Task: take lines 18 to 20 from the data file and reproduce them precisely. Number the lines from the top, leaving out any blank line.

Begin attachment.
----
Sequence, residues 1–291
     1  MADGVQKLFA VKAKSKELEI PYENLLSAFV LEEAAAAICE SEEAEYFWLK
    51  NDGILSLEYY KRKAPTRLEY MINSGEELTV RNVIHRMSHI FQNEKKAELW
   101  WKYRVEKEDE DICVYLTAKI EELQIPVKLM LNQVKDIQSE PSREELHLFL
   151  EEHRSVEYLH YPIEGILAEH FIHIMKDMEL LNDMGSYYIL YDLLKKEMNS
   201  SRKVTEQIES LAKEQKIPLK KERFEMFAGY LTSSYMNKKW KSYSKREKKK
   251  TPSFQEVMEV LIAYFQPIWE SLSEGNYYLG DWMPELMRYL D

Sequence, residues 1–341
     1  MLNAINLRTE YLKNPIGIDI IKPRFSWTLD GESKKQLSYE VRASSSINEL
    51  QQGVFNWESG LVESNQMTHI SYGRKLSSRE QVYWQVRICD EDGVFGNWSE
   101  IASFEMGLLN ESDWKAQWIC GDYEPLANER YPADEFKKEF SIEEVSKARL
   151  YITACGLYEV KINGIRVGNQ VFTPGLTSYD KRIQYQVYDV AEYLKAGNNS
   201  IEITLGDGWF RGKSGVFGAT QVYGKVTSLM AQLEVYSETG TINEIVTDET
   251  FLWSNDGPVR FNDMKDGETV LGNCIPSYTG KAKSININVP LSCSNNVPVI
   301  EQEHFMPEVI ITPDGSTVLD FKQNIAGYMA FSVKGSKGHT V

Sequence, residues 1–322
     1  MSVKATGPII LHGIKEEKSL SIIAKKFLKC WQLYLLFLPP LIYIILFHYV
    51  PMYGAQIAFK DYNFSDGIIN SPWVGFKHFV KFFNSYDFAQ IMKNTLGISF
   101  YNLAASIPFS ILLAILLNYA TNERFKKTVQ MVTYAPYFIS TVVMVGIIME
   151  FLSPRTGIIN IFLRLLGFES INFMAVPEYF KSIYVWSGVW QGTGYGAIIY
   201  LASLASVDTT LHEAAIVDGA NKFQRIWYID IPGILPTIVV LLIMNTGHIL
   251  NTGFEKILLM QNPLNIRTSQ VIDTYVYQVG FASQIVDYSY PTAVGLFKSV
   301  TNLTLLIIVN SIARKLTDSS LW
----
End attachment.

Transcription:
    51  PMYGAQIAFK DYNFSDGIIN SPWVGFKHFV KFFNSYDFAQ IMKNTLGISF
   101  YNLAASIPFS ILLAILLNYA TNERFKKTVQ MVTYAPYFIS TVVMVGIIME
   151  FLSPRTGIIN IFLRLLGFES INFMAVPEYF KSIYVWSGVW QGTGYGAIIY